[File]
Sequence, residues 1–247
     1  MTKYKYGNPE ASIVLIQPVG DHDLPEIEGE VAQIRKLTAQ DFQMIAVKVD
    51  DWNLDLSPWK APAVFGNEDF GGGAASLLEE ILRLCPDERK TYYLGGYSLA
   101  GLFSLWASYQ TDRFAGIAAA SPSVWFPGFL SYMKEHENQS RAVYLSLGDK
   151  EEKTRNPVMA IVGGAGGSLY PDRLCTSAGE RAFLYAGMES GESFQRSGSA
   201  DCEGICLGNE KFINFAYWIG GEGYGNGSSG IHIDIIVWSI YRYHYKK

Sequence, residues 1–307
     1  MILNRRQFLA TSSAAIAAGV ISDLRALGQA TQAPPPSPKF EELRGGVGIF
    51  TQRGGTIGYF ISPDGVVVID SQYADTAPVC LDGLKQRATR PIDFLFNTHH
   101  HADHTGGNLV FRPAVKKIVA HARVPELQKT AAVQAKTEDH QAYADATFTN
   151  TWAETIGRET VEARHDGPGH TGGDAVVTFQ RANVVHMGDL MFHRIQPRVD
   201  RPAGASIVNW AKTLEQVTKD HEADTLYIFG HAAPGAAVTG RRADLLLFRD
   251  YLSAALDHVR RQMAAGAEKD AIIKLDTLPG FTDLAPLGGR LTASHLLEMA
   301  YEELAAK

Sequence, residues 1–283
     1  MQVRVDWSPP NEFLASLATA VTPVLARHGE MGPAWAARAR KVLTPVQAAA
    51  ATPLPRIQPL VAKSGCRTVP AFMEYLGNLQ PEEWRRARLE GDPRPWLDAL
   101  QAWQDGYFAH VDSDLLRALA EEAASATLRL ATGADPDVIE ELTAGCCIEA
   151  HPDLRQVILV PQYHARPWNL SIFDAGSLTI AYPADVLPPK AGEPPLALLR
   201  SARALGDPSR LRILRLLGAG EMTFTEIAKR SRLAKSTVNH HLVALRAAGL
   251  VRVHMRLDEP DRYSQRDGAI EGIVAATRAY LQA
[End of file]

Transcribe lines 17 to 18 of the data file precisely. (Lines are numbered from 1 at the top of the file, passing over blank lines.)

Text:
    51  ATPLPRIQPL VAKSGCRTVP AFMEYLGNLQ PEEWRRARLE GDPRPWLDAL
   101  QAWQDGYFAH VDSDLLRALA EEAASATLRL ATGADPDVIE ELTAGCCIEA